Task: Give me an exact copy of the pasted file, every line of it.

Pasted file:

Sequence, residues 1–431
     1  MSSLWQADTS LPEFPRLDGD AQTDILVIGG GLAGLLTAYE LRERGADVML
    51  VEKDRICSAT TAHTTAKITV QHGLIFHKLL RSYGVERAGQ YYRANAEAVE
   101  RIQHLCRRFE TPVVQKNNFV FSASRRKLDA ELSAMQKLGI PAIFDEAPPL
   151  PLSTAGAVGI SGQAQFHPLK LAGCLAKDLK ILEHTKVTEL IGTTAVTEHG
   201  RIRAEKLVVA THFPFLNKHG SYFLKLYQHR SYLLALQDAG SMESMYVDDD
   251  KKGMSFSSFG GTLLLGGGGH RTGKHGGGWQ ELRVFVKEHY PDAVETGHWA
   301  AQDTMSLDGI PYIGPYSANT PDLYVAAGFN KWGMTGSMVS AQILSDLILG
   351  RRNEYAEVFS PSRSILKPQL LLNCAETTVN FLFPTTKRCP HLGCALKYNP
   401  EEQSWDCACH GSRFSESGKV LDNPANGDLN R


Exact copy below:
Sequence, residues 1–431
     1  MSSLWQADTS LPEFPRLDGD AQTDILVIGG GLAGLLTAYE LRERGADVML
    51  VEKDRICSAT TAHTTAKITV QHGLIFHKLL RSYGVERAGQ YYRANAEAVE
   101  RIQHLCRRFE TPVVQKNNFV FSASRRKLDA ELSAMQKLGI PAIFDEAPPL
   151  PLSTAGAVGI SGQAQFHPLK LAGCLAKDLK ILEHTKVTEL IGTTAVTEHG
   201  RIRAEKLVVA THFPFLNKHG SYFLKLYQHR SYLLALQDAG SMESMYVDDD
   251  KKGMSFSSFG GTLLLGGGGH RTGKHGGGWQ ELRVFVKEHY PDAVETGHWA
   301  AQDTMSLDGI PYIGPYSANT PDLYVAAGFN KWGMTGSMVS AQILSDLILG
   351  RRNEYAEVFS PSRSILKPQL LLNCAETTVN FLFPTTKRCP HLGCALKYNP
   401  EEQSWDCACH GSRFSESGKV LDNPANGDLN R